MVI-816 is a prostatic acid phosphatase encoding DNA plasmid vaccine.
Multiple Phase 1 trials with MVI-816 are complete, revealing strong safety and tolerability as well as favorable changes in PSA and PSA doubling times.
As monotherapy, MVI-816 demonstrated delayed development of metastases vs. placebo in men with aggressive non-metastatic, PSA-recurrent prostate cancer (PSA doubling times < 3 months).
Patients on placebo showed increasing NaF uptake from baseline by micrometastatic bone lesions in this trial, while patients on MVI-816 showed decreased uptake of NaF from baseline over the same time period.
In combination clinical trials combining MVI-816 + pembrolizumab in men with mCRPC, PSA declines below baseline are observed at a higher rate than reported using pembrolizumab alone.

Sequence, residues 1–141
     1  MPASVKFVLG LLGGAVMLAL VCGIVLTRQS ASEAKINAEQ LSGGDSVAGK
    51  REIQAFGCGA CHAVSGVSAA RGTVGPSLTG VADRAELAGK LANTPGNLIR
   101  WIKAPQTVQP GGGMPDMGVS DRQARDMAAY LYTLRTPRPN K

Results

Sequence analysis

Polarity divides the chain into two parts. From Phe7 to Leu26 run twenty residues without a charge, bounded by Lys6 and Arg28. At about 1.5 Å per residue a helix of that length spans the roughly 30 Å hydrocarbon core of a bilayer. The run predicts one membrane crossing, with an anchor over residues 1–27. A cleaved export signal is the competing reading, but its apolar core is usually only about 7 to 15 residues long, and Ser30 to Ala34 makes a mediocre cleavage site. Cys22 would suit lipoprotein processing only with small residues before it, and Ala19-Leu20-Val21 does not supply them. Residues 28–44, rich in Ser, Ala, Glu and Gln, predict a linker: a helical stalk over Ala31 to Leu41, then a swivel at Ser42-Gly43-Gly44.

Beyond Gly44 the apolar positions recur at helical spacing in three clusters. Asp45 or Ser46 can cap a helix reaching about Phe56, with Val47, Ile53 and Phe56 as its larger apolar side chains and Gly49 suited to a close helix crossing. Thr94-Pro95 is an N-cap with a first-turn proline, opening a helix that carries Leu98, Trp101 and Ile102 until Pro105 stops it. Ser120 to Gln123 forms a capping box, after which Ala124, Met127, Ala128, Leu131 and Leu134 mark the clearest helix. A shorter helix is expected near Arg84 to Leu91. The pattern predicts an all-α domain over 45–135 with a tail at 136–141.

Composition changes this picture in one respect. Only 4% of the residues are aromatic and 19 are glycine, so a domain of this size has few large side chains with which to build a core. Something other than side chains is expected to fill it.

Prostatic acid phosphatase (PAP) is a prostate cancer antigen, and has become a model antigen for active immunotherapies targeting prostate cancer. PAP was one of the ﬁrst proteins detected in the serum of patients with cancer to be identiﬁed as a potential serum marker. It was subsequently shown to have expression essentially restricted to normal and malignant prostate tissue, and immunohistochemical staining for PAP is still performed to establish a prostate origin of metastatic adenocarcinoma. Detection of serum PAP has been essentially replaced by serum prostate-speciﬁc antigen (PSA) as a cancer biomarker, given the sensitivity of the latter marker for prostate cancer progression. PSA and prostate-speciﬁc membrane antigen (PSMA) are two other proteins being investigated as prostate tumor antigens. However, PSMA expression has been identiﬁed in several normal nonprostate tissues, making it potentially a less speciﬁc target than PAP or PSA for anti-prostate tumor vaccines. The presence of a rat homolog of PAP has provided an animal model for testing the efﬁcacy of vaccines in preclinical models, making this a particularly attractive prostate-speciﬁc target antigen. In addition, while there has been signiﬁcant interest in PSA as an antigen in anti-tumor vaccines, targeting PAP has a potential advantage by permitting the measurement of serum PSA as a biomarker for clinical response without potentially confounding this analysis by also targeting it immunologically. Several vaccines targeting PAP have entered clinical testing. Results from a trial targeting PAP by means of an antigen-presenting cell vaccine approach have suggested clinical beneﬁt in terms of overall survival, and a conﬁrmatory phase III randomized trial to test this approach inpatients with advanced, metastatic prostate cancer was completed with results conﬁrming the earlier suggestion that patients receiving vaccine survive longer than patients not receiving vaccine.